John Muir Wilderness
The John Muir Wilderness is a wilderness area that extends along the crest of the Sierra Nevada of California for 90 miles, in the Inyo and Sierra National Forests. Established in 1964 by the Wilderness Act and named for naturalist John Muir, the wilderness lies along the eastern escarpment of the Sierra from near Mammoth Lakes and Devils Postpile National Monument in the north, to Cottonwood Pass near Mount Whitney in the south. The wilderness area spans the Sierra crest north of Kings Canyon National Park, the wilderness contains some of the most spectacular and highest peaks of the Sierra Nevada, with 57 peaks over 13,000 feet in elevation. The peaks are made of granite from the Sierra Nevada Batholith. The southernmost glacier in the United States, the Palisade Glacier, is contained within the wilderness area, notable eastside glaciated canyons are drained by Rock, McGee, and Bishop Creeks. The eastern escarpment in the wilderness rises from 6,000 to 8,000 feet from base to peak, the Sierra crest contains peaks from 12,000 to 14,000 feet in elevation, including Mount Whitney, the highest peak in the continental United States.
Other notable mountains in the area include the Palisades and Mount Humphreys. Mount Muir is located 2 miles south of Mount Whitney, Mount Williamson is the second-highest peak in the wilderness, at 14,375 feet, it rises in one continuous sweep of granite from the floor of the Owens Valley to a peak just east of the main range. The John Muir Wilderness contains the largest contiguous area above 10,000 feet in the continental United States and it contains large areas of subalpine meadows and fellfields above 10,800 feet, containing stands of whitebark and foxtail pine. From 9,000 feet to 10,800 feet, the wilderness is dominated by lodgepole pines, below the lodgepole forest is forest dominated by Jeffrey pine. Common animals in the wilderness include yellow-bellied marmots, golden-mantled ground squirrels, Clarks nutcrackers, golden trout, the wilderness area includes California bighorn sheep zoological areas, which are set aside for the protection of the species. The wilderness contains 589.5 miles of hiking trails, including the John Muir Trail and the Pacific Crest Trail, the John Muir Wilderness is the second most-visited wilderness in the United States, and quota are required for overnight use on virtually all trailheads.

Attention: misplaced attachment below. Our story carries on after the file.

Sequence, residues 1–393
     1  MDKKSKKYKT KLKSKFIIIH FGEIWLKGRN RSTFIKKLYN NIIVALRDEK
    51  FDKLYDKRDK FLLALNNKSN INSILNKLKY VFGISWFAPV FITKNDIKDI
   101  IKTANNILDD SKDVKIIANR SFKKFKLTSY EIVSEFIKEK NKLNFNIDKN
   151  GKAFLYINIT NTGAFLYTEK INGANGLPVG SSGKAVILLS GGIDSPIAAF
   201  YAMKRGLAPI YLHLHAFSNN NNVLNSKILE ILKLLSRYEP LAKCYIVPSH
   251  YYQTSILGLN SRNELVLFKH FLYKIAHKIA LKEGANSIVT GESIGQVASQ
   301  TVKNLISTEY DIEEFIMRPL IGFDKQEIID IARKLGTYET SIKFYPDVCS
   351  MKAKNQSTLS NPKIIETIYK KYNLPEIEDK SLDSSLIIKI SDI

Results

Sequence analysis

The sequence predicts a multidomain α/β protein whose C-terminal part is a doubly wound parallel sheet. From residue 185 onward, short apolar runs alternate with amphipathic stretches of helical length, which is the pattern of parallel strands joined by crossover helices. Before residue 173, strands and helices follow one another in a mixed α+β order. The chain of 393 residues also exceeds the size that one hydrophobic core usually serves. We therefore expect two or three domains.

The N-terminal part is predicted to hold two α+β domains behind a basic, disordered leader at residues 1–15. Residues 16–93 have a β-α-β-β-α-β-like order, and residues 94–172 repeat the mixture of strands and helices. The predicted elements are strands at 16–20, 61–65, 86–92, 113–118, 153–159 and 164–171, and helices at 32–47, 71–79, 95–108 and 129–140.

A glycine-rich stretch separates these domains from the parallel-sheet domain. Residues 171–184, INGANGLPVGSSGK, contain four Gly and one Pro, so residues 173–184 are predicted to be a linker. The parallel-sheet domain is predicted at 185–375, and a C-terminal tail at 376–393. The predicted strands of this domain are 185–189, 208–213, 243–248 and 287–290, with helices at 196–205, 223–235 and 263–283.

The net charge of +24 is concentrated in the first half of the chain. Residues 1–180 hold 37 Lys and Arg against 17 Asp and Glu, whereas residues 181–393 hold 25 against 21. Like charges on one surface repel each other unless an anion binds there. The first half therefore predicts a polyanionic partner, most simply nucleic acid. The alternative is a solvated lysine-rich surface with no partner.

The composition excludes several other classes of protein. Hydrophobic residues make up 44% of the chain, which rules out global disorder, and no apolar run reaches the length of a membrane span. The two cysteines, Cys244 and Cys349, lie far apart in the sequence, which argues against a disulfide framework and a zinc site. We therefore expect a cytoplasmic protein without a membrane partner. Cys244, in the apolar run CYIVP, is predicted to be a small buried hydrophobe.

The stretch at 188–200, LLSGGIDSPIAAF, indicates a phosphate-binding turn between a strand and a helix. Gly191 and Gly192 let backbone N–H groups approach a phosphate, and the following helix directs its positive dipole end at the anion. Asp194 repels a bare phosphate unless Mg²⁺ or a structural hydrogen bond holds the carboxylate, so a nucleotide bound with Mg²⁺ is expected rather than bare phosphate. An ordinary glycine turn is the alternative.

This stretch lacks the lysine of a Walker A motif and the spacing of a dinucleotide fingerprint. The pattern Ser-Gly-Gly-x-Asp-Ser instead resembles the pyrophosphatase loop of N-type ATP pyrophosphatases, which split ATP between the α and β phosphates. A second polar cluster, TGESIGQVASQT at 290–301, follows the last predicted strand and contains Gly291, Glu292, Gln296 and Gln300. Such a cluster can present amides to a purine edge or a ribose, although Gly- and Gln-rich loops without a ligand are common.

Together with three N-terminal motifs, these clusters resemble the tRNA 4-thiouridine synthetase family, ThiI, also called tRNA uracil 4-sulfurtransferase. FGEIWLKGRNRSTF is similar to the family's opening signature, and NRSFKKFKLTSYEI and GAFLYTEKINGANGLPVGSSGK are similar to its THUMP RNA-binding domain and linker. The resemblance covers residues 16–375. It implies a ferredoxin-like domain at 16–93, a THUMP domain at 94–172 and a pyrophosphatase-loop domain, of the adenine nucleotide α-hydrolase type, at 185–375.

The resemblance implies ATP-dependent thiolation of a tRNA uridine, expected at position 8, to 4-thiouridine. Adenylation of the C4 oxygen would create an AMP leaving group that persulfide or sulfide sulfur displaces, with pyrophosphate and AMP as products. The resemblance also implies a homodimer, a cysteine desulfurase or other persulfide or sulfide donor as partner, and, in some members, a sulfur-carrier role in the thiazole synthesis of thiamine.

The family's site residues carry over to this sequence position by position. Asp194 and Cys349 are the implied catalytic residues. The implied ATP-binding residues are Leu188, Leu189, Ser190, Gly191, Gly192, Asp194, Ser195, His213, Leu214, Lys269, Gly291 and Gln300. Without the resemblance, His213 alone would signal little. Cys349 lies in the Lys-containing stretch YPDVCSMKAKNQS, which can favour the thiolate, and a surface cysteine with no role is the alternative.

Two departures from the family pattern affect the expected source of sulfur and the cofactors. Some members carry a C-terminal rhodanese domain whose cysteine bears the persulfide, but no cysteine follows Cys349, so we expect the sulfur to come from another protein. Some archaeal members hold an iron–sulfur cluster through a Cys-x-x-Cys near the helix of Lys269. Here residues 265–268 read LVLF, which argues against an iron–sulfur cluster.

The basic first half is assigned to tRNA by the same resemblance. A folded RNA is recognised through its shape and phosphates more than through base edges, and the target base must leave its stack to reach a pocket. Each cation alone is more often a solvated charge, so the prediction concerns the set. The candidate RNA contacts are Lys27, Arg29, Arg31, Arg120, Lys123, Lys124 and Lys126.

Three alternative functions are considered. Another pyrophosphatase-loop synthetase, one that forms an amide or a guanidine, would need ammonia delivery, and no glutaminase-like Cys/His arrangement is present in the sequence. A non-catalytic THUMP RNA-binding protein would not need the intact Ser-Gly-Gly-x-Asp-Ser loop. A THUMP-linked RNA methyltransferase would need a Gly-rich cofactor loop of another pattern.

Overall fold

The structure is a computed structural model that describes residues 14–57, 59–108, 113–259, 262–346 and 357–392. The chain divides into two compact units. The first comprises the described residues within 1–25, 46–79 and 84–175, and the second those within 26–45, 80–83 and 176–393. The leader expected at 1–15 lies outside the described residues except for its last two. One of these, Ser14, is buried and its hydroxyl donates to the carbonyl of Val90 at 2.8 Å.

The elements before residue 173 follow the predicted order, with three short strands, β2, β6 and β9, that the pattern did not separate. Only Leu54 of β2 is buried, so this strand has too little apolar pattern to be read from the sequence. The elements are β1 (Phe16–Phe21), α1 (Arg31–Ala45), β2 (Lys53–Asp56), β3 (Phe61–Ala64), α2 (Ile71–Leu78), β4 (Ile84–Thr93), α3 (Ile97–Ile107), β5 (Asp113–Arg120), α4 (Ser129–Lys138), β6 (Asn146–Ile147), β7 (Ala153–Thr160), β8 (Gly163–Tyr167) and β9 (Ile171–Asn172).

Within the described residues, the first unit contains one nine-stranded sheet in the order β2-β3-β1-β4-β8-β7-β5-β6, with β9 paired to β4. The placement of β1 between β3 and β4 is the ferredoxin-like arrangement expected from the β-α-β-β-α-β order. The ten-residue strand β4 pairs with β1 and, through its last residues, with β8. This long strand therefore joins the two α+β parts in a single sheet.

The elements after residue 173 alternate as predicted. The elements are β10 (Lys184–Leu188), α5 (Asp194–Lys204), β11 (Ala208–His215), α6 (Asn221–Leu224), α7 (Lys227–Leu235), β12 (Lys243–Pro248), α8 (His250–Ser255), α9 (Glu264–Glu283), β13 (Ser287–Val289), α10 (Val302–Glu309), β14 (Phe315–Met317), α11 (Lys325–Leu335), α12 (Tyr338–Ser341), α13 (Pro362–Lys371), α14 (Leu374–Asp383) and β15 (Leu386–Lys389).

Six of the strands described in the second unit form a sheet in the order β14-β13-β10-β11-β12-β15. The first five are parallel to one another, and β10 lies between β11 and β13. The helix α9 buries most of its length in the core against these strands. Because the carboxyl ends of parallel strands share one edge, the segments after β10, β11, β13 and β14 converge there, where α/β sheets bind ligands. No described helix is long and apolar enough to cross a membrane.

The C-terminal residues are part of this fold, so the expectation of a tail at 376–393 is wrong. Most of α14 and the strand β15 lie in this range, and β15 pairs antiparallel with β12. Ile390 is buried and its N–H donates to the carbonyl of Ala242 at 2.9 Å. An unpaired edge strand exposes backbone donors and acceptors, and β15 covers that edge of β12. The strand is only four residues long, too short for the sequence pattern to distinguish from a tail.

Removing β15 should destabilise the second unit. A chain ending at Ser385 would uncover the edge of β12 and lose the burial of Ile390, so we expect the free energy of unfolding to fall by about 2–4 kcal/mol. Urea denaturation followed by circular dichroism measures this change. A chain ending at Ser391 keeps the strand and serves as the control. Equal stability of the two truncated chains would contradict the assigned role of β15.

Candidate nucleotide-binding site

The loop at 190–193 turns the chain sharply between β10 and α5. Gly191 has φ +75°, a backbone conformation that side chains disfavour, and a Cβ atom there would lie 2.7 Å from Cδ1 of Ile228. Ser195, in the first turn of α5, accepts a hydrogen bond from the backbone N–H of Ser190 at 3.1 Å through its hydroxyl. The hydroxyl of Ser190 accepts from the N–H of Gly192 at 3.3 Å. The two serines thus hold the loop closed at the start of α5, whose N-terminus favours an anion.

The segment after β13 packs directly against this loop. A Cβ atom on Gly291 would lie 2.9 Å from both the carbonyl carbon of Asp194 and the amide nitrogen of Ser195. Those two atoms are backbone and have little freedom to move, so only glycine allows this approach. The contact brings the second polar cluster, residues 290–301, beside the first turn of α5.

Duck Lake Lake Virginia Squaw Lake Bibliography of the Sierra Nevada, for further reading Wilderness. net TopoQuest map
Forty-eight of the fifty states and the federal district are contiguous and located in North America between Canada and Mexico. The state of Alaska is in the northwest corner of North America, bordered by Canada to the east, the state of Hawaii is an archipelago in the mid-Pacific Ocean. The U. S. territories are scattered about the Pacific Ocean, the geography and wildlife of the country are extremely diverse. At 3.8 million square miles and with over 324 million people, the United States is the worlds third- or fourth-largest country by area, third-largest by land area. It is one of the worlds most ethnically diverse and multicultural nations, paleo-Indians migrated from Asia to the North American mainland at least 15,000 years ago. European colonization began in the 16th century, the United States emerged from 13 British colonies along the East Coast. Numerous disputes between Great Britain and the following the Seven Years War led to the American Revolution. On July 4,1776, during the course of the American Revolutionary War, the war ended in 1783 with recognition of the independence of the United States by Great Britain, representing the first successful war of independence against a European power.
The current constitution was adopted in 1788, after the Articles of Confederation, the first ten amendments, collectively named the Bill of Rights, were ratified in 1791 and designed to guarantee many fundamental civil liberties. During the second half of the 19th century, the American Civil War led to the end of slavery in the country. By the end of century, the United States extended into the Pacific Ocean. The Spanish–American War and World War I confirmed the status as a global military power. The end of the Cold War and the dissolution of the Soviet Union in 1991 left the United States as the sole superpower. The U. S. is a member of the United Nations, World Bank, International Monetary Fund, Organization of American States. The United States is a developed country, with the worlds largest economy by nominal GDP. It ranks highly in several measures of performance, including average wage, human development, per capita GDP. While the U. S. economy is considered post-industrial, characterized by the dominance of services and knowledge economy, the United States is a prominent political and cultural force internationally, and a leader in scientific research and technological innovations.